A - B = A + not B + 1

For further details, see two's complement.

### Multiplication

Multiplication in binary is similar to its decimal counterpart. Two numbers A and B can be multiplied by partial products: for éach digit in B, the product of that digit in A is calculated and written on a new line, shifted leftward so that its rightmost digit lines up with the digit in B that was used. The sum of all these partial products gives the final result.

Since there are only two digits in binary, there are only two possible outcomes of éach partial multiplication:

• If the digit in B is 0, the partial product is also 0
• If the digit in B is 1, the partial product is equal to A

For example, the binary numbers 1011 and 1010 are multiplied as follows:

           1 0 1 1   (A)
× 1 0 1 0   (B)
---------
0 0 0 0   ← Corresponds to a zero in B
+     1 0 1 1     ← Corresponds to a one in B
+   0 0 0 0
+ 1 0 1 1
---------------
= 1 1 0 1 1 1 0


### Division

Binary division is again similar to its decimal counterpart:

        __________
1 0 1  | 1 1 0 1 1


Here, the divisor is 1012, or 5 decimal, while the dividend is 110112, or 27 decimal. The procedure is the same as that of decimal long division; here, the divisor 1012 goes into the first three digits 1102 of the dividend one time, so a "1" is written on the top line. This result is multiplied by the divisor, and subtracted from the first three digits of the dividend; the next digit (a "1") is included to obtain a new three-digit sequence:

             1
__________
1 0 1  | 1 1 0 1 1
− 1 0 1
-----
0 1 1


The procedure is then repéated with the new sequence, continuing until the digits in the dividend have been exhausted:

             1 0 1
__________
1 0 1  | 1 1 0 1 1
− 1 0 1
-----
0 1 1
− 0 0 0
-----
1 1 1
− 1 0 1
-----
1 0


Thus, the quotient of 110112 divided by 1012 is 1012, as shown on the top line, while the remainder, shown on the bottom line, is 102. In decimal, 27 divided by 5 is 5, with a remainder of 2.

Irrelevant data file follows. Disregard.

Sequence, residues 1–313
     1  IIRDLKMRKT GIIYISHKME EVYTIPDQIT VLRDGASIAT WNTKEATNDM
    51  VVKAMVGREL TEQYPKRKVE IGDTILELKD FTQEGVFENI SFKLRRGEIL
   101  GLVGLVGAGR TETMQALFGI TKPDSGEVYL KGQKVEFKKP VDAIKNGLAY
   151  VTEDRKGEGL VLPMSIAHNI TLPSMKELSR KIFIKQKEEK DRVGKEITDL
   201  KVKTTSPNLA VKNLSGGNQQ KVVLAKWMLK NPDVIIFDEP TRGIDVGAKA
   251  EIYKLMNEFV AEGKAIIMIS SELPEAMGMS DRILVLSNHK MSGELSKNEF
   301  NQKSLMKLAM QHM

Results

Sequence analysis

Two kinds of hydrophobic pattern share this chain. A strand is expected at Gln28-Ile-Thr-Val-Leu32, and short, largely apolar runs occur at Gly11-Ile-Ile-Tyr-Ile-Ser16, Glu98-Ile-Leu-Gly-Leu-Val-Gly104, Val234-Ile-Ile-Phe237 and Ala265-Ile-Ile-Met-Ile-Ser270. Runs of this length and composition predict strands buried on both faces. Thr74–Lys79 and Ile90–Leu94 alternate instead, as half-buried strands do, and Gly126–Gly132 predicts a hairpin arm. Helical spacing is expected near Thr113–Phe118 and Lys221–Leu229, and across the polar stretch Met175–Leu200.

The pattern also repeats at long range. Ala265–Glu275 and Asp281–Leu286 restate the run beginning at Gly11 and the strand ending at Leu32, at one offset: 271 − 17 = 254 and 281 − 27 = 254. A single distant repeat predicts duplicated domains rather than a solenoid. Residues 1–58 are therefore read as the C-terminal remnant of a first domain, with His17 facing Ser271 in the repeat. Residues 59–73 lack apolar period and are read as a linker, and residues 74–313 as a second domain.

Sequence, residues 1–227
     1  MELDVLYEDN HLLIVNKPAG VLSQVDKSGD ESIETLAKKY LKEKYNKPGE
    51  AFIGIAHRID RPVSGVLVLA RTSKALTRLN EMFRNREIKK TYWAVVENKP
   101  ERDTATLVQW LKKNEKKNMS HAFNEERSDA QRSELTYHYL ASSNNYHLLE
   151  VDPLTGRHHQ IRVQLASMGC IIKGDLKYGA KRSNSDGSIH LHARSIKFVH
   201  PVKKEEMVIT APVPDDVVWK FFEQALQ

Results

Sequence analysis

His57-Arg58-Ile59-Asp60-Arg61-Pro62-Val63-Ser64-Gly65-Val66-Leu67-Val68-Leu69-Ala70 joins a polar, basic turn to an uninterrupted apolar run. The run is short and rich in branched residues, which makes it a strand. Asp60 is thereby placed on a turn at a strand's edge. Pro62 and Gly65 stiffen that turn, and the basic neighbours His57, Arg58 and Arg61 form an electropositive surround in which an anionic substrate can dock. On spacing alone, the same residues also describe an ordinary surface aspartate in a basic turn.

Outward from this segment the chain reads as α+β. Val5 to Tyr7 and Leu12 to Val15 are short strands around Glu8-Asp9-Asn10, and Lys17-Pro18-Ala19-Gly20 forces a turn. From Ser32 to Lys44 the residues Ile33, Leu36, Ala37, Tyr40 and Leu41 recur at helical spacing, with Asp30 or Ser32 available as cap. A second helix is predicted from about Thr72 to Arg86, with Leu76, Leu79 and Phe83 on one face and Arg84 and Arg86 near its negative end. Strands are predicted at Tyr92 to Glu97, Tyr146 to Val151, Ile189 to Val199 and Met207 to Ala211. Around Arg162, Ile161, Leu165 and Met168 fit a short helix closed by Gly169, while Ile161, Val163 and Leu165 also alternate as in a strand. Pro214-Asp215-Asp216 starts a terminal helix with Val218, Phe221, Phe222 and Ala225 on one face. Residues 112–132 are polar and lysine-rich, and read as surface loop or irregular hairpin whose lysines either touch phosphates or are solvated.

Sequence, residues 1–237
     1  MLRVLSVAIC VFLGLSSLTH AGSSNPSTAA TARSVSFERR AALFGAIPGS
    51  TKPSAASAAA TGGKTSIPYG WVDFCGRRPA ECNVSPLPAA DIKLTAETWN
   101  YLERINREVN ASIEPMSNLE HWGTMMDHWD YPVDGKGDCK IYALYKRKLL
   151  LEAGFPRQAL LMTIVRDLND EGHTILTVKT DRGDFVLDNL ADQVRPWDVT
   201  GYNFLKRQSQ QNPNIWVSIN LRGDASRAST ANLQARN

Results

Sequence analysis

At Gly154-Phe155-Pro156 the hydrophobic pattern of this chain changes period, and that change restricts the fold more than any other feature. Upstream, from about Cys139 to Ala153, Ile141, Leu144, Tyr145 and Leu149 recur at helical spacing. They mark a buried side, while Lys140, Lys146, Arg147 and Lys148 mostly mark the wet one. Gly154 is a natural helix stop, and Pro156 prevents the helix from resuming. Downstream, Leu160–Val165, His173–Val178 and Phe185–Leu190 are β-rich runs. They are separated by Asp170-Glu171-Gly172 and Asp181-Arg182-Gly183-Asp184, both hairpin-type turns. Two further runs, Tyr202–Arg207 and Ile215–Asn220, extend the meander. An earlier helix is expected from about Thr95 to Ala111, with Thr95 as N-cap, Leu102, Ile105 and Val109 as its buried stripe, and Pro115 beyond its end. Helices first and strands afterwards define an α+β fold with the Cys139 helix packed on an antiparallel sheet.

## Bitwise operations

 Artikel utama: bitwise operation.

Though not directly related to the numerical interpretation of binary symbols, sequences of bits may be manipulated using Boolean logical operators. When a string of binary symbols is manipulated in this way, it is called a bitwise operation; the logical operators AND, OR, and XOR may be performed on corresponding bits in two binary numerals provided as input. The logical NOT operation may be performed on individual bits in a single binary numeral provided as input. Sometimes, such operations may be used as arithmetic short-cuts, and may have other computational benefits as well. For example, an arithmetic shift left of a binary number is the equivalent of multiplication by a (positive, integral) power of 2.

## Conversion to and from other numeral systems

### Decimal

To convert from a base-10 integer numeral to its base-2 (binary) equivalent, the number is divided by two, and the remainder is the least-significant bit. The (integer) result is again divided by two, its remainder is the next most significant bit. This process repéats until the result of further division becomes zero.

For example, 11810, in binary, is:

Operation Remainder
118 ÷ 2 = 59 0
59 ÷ 2 = 29 1
29 ÷ 2 = 14 1
14 ÷ 2 = 7 0
7 ÷ 2 = 3 1
3 ÷ 2 = 1 1
1 ÷ 2 = 0 1

réading the sequence of remainders from the bottom up gives the binary numeral ${\displaystyle 1110110_{2}}$.

This method works for conversion from any base, but there are better methods for bases which are powers of two, such as octal and hexadecimal given below.

To convert from base-2 to base-10 is the reverse algorithm. Starting from the left, double the result and add the next digit until there are no more. For example to convert 1100101011012 to decimal:

Result Remaining digits
0 110010101101
0 × 2 + 1 = 1 10010101101
1 × 2 + 1 = 3 0010101101
3 × 2 + 0 = 6 010101101
6 × 2 + 0 = 12 10101101
12 × 2 + 1 = 25 0101101
25 × 2 + 0 = 50 101101
50 × 2 + 1 = 101 01101
101 × 2 + 0 = 202 1101
202 × 2 + 1 = 405 101
405 × 2 + 1 = 811 01
811 × 2 + 0 = 1622 1